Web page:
• For example, AFRINIC administers the prefix 196/8 and has the corresponding domain
  • Resource members must request delegation by registering their DNS name servers in the AFRINIC database.
    • For example, the network operator with has to register the domain

2. Lack of PTR records for your IP address

  • A PTR record maps an IP address to a hostname within the reverse DNS zone.
  • Network operators must create PTR records for their email servers, enabling reverse DNS lookup to establish the server's authority for sending and receiving mail. If a DNS server does not possess the appropriate PTR record, the reverse DNS lookup will fail. Consequently, sending emails from such a server may face rejection by email providers that require a valid Reverse DNS record.

3. Incorrect Reverse DNS record

  • An incorrect Reverse DNS record may cause either service or DNS delegation failure impacting other network functionalities, leading to the rejection of emails sent from the server. It is crucial to ensure the accuracy of PTR records to maintain proper reverse DNS resolution.

4. Slow Reverse DNS resolution

  • Delays in Reverse DNS lookups may occur due to network congestion or problems with the DNS server's performance. If slow reverse DNS resolution becomes an issue, alternative DNS servers can be used to determine if the problem persists. In such cases, contacting the hosting provider or network administrator for further investigation is recommended.
Reverse DNS issues can hinder the smooth operation of email servers. By understanding the common causes, network administrators and email server operators can troubleshoot and resolve these issues effectively. Ensuring proper configuration and maintenance of reverse DNS records is crucial for reliable email delivery and compliance with email provider requirements.

Section 3: Steps to setup reverse delegation in the AFRINIC WHOIS database

 Before proceeding with the request for reverse delegation service, it is advisable to review the following checklist:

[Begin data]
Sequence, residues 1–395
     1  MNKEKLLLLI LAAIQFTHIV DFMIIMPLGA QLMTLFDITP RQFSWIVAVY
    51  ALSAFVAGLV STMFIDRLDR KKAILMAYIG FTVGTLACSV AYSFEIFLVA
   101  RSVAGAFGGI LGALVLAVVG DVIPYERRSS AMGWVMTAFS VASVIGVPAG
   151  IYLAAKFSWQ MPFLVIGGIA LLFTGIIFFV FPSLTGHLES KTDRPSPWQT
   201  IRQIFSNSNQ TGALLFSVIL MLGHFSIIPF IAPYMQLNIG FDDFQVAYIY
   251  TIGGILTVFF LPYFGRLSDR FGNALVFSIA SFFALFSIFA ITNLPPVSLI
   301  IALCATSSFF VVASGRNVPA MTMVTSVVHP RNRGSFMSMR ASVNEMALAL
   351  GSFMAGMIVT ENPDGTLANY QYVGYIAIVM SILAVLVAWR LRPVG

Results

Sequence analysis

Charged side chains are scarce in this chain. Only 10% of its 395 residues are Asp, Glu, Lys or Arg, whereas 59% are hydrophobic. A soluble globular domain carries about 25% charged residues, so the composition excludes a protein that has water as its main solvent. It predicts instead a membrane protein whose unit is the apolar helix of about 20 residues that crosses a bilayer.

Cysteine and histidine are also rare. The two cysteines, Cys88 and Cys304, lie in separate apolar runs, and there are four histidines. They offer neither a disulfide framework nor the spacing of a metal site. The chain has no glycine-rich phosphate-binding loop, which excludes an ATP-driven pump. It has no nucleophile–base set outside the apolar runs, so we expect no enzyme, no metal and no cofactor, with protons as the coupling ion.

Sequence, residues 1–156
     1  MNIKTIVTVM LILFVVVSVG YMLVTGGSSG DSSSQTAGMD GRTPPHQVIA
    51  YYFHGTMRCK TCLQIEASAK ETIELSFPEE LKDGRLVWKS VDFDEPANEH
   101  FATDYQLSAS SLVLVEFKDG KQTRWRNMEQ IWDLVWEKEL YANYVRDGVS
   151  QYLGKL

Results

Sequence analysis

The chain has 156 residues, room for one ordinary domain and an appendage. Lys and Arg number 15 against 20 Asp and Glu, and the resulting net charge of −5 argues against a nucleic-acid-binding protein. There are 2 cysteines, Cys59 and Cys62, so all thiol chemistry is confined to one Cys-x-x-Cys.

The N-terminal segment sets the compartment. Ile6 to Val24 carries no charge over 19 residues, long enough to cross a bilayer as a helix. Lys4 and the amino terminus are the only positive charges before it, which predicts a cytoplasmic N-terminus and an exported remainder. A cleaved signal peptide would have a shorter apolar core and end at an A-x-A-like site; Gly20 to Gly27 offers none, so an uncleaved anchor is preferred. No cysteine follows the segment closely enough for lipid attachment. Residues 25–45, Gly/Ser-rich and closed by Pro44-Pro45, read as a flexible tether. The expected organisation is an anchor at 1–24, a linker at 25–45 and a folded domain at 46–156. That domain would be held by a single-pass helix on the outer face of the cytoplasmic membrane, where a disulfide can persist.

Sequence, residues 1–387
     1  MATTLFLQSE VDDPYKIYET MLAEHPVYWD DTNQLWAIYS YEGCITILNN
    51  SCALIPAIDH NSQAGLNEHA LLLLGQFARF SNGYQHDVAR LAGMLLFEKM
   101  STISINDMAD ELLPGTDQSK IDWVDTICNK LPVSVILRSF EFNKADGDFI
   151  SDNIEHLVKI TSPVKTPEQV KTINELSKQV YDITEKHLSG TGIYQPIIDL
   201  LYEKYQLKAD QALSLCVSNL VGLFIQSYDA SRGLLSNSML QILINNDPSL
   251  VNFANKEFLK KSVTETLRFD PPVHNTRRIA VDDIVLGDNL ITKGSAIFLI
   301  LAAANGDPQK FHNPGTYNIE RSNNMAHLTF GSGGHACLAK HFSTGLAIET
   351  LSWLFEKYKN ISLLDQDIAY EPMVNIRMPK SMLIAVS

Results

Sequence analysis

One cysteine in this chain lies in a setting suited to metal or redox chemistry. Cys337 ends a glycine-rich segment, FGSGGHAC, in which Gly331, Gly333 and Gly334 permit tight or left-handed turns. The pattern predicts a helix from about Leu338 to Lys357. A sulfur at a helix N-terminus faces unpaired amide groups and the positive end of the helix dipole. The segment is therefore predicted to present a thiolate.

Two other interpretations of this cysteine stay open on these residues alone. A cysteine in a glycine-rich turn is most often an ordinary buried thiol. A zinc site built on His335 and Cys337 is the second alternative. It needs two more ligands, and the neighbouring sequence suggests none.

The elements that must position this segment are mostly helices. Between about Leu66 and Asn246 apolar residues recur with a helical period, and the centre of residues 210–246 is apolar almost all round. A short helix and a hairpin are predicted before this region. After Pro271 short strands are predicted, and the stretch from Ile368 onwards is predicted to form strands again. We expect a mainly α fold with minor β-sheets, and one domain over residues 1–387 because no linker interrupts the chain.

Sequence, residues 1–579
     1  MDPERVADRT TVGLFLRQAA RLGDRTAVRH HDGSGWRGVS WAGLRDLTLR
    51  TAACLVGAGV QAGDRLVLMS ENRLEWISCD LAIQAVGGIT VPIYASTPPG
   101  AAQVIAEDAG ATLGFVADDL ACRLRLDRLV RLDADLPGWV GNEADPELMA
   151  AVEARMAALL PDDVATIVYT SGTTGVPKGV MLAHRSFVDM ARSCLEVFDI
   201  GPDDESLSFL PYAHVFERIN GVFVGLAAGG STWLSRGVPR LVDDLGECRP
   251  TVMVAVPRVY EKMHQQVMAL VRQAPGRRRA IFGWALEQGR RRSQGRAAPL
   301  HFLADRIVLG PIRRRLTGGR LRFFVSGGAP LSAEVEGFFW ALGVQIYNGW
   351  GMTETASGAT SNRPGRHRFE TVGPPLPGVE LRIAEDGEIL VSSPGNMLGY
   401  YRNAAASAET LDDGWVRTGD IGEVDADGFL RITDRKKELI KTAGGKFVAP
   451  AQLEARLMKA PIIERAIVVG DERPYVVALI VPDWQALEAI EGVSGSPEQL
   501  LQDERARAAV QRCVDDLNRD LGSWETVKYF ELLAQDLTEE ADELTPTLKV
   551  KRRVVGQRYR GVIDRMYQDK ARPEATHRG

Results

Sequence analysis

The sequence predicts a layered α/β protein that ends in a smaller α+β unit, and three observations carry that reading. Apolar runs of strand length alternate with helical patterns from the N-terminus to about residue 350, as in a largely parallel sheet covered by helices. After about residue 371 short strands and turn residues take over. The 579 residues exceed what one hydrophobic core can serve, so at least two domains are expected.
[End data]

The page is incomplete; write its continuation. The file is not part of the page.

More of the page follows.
• Register Assignments on the WHOIS Database: For Local Internet Registry (LIR) members, it is a must to register the IP utilisation assignments in the AFRINIC WHOIS database before initiating reverse DNS registration. AFRINIC requires at least one registered assignment in order to comply with the policy for accepting reverse delegations.
This requirement is not applicable to resource members in the End-User category.
  • Delegation Boundaries for IPv4 and IPv6: AFRINIC permits reverse delegation on 8-bit boundaries for IPv4 addresses, typically /16 or /24.
To cover CIDR prefixes shorter than a /24 (e.g., /22), multiple delegations are necessary, requiring the registration of four /24 objects. For IPv6, it is highly recommended to align reverse delegations with the boundaries of 4 bits, commonly referred to as nibble boundaries.

Step 1. DNS Configurations on your Name Servers

Before requesting reverse DNS delegation, follow these DNS configuration steps on your name servers:
  1. Create Reverse Zone: Ensure that the reverse zone is created before proceeding with the reverse DNS delegation request.
  2. Configure PTR Records: Properly configure the PTR records within the reverse zones. These records facilitate the mapping of IP addresses to domain names.
  3. Uniformity in SOA Resource Record: Maintain consistency among all the nameservers by ensuring that the SOA (Start of Authority) resource record contains the same serial number and other data content. The SOA should also include a valid 'rname,' which represents the contact address for administrative purposes.

Step 2. Register your Domain(s) on AFRINIC Servers

After concluding step 1, you are now ready to add your domain object(s) and request the reverse delegation. from AFRINIC. This request can be made in one fo the three methods:

2.1 Through MyAfrinic Members Portal

  1. Log into
  2. Go to Resources -> Reverse Delegation
  3. Click "+" to expand the target allocation
  4. Click the "Add Reverse delegation" option to add the domain
  5. Update the details and submit

2.2 Through the whois web portal

  1. Please Go to
  2. Click on "create object ", then choose "domain", then load.
  3. Fill out the form as requested, then submit it.

2.3 Through e-mail and is effective for the bulk updates

Submit a new reverse domain object by copying the domain object(s) template in a text file and emailing it to This email address is being protected from spambots. You need JavaScript enabled to view it. with a blank subject line.

An example of a domain object(reverse delegation) for is shown below;

descr: Example Domain Object
admin-c: NIC-AFRINIC